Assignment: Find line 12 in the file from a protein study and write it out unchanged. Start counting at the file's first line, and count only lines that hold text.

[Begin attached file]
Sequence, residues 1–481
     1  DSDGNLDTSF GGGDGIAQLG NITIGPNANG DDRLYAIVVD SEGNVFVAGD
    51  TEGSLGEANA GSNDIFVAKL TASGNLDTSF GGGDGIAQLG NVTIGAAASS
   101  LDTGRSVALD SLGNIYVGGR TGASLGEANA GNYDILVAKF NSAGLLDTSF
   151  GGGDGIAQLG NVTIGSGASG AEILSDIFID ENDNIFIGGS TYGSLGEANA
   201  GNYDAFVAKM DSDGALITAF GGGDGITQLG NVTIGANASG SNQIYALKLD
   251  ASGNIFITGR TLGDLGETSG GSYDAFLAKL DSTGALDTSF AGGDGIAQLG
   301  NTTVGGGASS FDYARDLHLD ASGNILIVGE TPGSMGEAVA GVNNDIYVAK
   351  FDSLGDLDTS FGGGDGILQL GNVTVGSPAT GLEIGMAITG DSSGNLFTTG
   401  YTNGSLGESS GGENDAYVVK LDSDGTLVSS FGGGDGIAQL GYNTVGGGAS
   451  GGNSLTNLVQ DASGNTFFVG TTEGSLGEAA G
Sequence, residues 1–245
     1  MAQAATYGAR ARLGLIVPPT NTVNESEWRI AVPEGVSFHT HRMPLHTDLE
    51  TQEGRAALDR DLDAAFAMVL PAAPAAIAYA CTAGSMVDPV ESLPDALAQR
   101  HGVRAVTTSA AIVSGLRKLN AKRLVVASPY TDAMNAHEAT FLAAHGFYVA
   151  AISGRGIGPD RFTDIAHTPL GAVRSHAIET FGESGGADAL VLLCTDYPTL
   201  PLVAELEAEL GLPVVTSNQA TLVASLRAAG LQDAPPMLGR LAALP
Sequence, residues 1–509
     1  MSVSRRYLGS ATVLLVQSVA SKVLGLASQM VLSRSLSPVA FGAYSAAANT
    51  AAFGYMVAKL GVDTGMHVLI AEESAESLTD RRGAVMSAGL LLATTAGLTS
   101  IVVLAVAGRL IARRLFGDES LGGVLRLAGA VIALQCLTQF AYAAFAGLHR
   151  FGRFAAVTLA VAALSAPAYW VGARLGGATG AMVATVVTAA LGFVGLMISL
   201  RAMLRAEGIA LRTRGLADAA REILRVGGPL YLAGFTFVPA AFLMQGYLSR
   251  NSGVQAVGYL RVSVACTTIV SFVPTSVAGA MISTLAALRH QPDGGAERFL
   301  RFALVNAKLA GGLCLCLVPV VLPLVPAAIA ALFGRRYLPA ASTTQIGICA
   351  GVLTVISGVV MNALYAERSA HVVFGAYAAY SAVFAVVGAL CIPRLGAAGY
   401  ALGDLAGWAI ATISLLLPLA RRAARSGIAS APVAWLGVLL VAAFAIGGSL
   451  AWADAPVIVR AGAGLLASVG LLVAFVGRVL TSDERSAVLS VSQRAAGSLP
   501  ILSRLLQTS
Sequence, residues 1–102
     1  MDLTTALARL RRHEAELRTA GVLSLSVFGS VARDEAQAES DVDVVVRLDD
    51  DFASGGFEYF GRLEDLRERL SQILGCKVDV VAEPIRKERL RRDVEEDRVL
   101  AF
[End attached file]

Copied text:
Sequence, residues 1–245